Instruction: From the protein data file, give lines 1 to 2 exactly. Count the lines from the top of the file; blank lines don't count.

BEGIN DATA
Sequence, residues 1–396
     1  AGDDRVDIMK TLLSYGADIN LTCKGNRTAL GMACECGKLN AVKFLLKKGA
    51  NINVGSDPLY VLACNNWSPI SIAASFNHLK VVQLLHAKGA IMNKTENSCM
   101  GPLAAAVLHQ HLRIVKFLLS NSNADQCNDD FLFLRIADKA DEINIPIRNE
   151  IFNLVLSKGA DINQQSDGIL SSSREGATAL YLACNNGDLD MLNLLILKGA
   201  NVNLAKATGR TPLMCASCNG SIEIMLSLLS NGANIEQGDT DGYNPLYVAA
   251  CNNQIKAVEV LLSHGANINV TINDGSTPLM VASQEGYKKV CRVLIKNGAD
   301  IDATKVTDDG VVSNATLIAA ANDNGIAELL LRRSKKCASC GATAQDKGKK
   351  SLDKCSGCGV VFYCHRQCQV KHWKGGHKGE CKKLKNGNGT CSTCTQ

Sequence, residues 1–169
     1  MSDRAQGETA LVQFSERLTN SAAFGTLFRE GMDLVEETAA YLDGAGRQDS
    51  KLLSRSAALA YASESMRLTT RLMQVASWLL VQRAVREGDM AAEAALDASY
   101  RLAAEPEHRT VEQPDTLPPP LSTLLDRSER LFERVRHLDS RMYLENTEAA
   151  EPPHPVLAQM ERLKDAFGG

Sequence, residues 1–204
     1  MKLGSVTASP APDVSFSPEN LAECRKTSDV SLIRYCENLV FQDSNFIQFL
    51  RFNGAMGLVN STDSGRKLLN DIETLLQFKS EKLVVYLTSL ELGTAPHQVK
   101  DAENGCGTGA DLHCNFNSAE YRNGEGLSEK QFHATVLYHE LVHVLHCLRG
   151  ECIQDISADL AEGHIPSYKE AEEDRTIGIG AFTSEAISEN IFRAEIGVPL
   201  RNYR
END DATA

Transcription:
Sequence, residues 1–396
     1  AGDDRVDIMK TLLSYGADIN LTCKGNRTAL GMACECGKLN AVKFLLKKGA